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Journal ArticleDOI

Permeability measurements using oscillatory flows

01 Mar 2020-Experiments in Fluids (Springer Berlin Heidelberg)-Vol. 61, Iss: 3, pp 1-14
TL;DR: In this article, a spectral analysis of the pressure and fluid-displacement signals is performed for measuring the permeability of porous materials using oscillatory flows, and the measurements are shown to be in very good agreement with classical drainage experiments performed on the same device.
Abstract: We describe a versatile apparatus for measuring the permeability of porous materials using oscillatory flows. The permeabilities are measured by an original spectral analysis of the pressure and fluid-displacement signals. The measurements are shown to be in very good agreement with classical drainage experiments performed on the same device. Our apparatus and methodology will be useful if small fluid displacements are required, for example in reactive porous media.

Summary (3 min read)

1 Introduction

  • Porous media are ubiquitous in the natural environment and industrial applications.
  • Such as the Carmen-Kozeny equation [1], used to estimate the permeability of a porous medium from knowledge of its porosity, the permeability depends significantly on the internal morphology of the medium and must be measured in most practical applications.
  • The crystals can redissolve in response to flow of the pore liquid in the direction of any applied temperature field.
  • These observations indicate that the classical method to measure permeabilities with a sustained flow may not be sufficient for systems whose properties depend strongly on local gradients or on the mobilisation of the particles they contain.
  • The authors reverse the usual procedure by controlling the flow and measuring the consequent pressure drop across the sample.

2 Experimental apparatus and protocol

  • Sp whose displacement Dp(t) is measured over time.
  • This measurement determines the flow rate through the flow cell by volume conservation Q(t) = SpdDp(t)/dt.
  • The pressure drop across the porous medium ∆P (t) is measured with a Differential Pressure Sensor (DPS).
  • The pressure drop and flow rate signals are then used to compute the hydraulic resistance of the flow cell RH and the permeability of the porous medium.
  • The experimental apparatus comprises several elements, shown in figure 1 and detailed below.

2.1.1 Flow generation

  • Oscillating flows are generated by a rigid piston below the flow cell connected to a shaker (Data Physics SignalForce V20) supplied by a power amplifier (Data Physics SignalForce PA100E) and controlled by an acquisition card (Data Physics Quattro).
  • The piston is screwed to the moving part of the shaker through a thick (6mm) steel plate.
  • The authors experiments were performed at a single frequency f0 = 1Hz, chosen to be low enough to avoid vibration of the support frame and to keep the pore Reynolds number small.

2.1.2 Flow cell

  • The flow cell is a perspex cylinder with a 65mm internal diameter.
  • The porous medium is held between two metal plates drilled with regularly spaced 0.7mm diameter holes to ensure that the fluid enters the porous medium homogeneously.
  • The meshes are covered with a silk fabric to avoid the loss of the smallest beads and are supported by two inner perspex cylinders (A and B on Fig. 1), inserted in the flow cell.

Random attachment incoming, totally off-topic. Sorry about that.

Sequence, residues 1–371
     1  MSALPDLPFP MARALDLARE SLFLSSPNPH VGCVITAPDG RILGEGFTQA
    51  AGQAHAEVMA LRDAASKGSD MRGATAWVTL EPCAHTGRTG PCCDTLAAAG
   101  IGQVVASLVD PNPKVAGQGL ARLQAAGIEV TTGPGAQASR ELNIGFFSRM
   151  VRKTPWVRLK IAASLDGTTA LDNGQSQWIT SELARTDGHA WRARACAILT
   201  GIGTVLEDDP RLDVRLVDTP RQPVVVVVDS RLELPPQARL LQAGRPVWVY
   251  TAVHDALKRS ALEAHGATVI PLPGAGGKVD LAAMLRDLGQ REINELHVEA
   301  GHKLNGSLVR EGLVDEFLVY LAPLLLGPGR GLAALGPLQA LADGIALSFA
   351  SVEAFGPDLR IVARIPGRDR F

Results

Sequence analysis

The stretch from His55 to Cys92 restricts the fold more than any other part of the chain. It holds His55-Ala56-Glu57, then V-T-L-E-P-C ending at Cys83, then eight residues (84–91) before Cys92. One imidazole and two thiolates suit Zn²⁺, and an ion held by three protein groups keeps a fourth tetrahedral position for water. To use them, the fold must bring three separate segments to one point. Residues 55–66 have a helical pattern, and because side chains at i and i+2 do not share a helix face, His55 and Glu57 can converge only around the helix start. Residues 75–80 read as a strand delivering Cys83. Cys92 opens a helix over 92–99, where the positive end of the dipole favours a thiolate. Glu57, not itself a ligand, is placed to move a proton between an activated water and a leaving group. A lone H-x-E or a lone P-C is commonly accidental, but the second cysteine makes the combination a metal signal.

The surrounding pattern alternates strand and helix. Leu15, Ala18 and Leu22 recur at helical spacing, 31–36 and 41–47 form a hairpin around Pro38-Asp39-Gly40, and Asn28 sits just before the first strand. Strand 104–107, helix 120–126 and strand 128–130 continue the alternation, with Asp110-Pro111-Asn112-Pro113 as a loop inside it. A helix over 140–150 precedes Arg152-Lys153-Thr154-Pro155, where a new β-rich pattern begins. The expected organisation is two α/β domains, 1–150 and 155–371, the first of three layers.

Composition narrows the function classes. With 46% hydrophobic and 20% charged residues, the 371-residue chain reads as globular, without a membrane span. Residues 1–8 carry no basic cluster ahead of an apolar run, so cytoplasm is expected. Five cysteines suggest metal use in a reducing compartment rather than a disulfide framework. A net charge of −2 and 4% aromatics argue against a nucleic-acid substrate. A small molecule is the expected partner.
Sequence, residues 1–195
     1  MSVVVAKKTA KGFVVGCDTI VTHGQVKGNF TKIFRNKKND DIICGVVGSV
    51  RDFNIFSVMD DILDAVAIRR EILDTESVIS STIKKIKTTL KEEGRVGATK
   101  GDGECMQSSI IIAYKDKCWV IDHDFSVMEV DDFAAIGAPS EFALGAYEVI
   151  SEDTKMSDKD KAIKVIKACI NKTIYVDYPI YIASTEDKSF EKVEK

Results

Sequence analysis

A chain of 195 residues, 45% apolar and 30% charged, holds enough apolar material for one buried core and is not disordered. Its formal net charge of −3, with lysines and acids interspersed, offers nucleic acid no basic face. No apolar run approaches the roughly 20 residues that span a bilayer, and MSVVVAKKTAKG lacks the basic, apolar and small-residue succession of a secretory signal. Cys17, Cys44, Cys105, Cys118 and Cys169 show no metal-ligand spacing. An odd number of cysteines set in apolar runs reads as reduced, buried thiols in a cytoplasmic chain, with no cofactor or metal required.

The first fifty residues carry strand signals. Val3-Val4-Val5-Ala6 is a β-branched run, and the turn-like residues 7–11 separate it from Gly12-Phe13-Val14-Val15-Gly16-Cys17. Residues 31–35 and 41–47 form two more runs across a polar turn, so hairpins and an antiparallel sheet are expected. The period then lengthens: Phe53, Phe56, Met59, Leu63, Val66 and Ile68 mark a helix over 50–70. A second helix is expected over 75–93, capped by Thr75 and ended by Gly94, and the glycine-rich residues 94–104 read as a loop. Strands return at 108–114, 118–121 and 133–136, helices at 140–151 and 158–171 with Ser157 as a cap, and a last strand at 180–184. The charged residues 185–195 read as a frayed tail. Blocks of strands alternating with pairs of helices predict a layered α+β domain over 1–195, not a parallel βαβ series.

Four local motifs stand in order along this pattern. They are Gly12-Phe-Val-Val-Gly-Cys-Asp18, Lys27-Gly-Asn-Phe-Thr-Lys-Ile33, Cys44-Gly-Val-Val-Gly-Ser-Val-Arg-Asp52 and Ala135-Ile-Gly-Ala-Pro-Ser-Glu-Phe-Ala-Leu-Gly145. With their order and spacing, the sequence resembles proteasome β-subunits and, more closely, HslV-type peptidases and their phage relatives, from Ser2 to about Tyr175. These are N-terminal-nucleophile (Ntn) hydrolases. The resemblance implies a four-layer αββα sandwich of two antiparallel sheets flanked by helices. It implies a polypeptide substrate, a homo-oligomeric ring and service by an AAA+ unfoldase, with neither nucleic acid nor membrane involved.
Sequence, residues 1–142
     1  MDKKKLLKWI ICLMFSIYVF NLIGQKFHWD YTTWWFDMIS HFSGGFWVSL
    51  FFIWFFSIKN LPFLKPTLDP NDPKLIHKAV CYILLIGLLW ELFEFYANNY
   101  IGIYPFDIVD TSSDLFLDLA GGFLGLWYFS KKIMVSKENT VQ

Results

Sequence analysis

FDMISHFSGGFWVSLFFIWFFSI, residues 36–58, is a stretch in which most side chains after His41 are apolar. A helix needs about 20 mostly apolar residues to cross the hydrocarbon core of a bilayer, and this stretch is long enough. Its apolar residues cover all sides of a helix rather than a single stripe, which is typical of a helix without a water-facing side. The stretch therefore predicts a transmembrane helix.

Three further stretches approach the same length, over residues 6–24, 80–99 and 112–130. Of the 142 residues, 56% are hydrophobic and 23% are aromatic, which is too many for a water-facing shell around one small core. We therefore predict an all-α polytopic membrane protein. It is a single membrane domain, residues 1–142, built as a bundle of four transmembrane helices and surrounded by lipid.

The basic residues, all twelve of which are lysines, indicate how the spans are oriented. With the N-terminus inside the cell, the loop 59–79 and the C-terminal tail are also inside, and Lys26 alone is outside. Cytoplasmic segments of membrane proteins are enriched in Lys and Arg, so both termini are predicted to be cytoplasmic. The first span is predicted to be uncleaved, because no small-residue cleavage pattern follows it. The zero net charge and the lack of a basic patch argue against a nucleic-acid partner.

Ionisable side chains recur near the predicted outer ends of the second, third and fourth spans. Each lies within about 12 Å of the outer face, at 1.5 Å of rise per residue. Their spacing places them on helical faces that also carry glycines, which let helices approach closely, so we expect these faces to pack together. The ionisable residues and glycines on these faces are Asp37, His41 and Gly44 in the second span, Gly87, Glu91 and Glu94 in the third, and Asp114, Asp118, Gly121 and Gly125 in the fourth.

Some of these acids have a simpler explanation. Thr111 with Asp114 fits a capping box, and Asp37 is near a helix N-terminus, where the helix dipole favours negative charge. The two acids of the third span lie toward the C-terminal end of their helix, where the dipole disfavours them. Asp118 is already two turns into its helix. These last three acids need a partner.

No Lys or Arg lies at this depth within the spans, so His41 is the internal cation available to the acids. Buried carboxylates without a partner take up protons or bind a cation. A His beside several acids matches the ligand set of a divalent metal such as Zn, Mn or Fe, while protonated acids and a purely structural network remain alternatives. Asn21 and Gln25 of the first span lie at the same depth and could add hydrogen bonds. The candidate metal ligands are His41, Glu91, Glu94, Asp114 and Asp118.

• Cylinder (A) keeps the porous medium away from the flow injection and ensures that the flow is unidirectional before entering the porous medium.
  • The cylinder (B) presses the upper mesh with a 5.65kg mass to compact the glass beads and avoid the fluidisation of the bed [8] when the flow velocity is directed upwards.

2.1.3 Sensors: calibration and sensitivity

  • The acquisition card records the piston stroke and the pressure drop between two points at the inlet and the outlet of the porous medium simultaneously.
  • This pressure drop ∆P is measured with a differential pressure sensor (DPS, Omega engineering, customized online: wet/wet differential, bidirectional, range 0.17bar, output ±10VDC), connected to the flow cell through meshed, rigid hoses.
  • The displacement transducer is a Linear Variable Differential Transformer (LVDT, Omega engineering LD620-10), which enables accurate measurements of the displacement of the piston in time Dp(t), proportional to the volume of fluid displaced in the flow cell V (t) = SpDp(t), with Sp the cross-sectional area of the piston.
  • The linearity of both sensors was checked with calibration experiments performed by measuring constant displacements or hydrostatic pressures over the whole range of the sensors (Fig. 2).
  • These calibration experiments determined the relative uncertainties of the measurements of the pressure and the volume of fluid displaced which are respectively 0.17% and 1.3%.

2.1.4 Porous media

  • To calibrate, test and characterize this new technique, the authors used porous media made of compacted glass beads placed in the flow cell between the two meshes.
  • 3 Signal acquisition A typical example of the signals acquired is shown in figure 3, which displays the shaker’s input voltage U(t) (Fig. 3a) with both measurements of the pressure drop ∆P (t) (Fig. 3b) and the volume of fluid displaced V (t) (Fig. 3c).
  • This behaviour does not impact the permeability measurement since both signals ∆P (t) and V (t) are recorded at the same time.
  • The flow regime is characterised by the Reynolds number, defined as Re = ρd〈v〉 µ (4) where 〈v〉 is the order of magnitude of the flow velocity during an experiment.
  • These observations indicate that the oscillation frequency f0 shall not exceed the order of fτ/100 for the quasi-static approximation to be valid.

3 Modelling and signal processing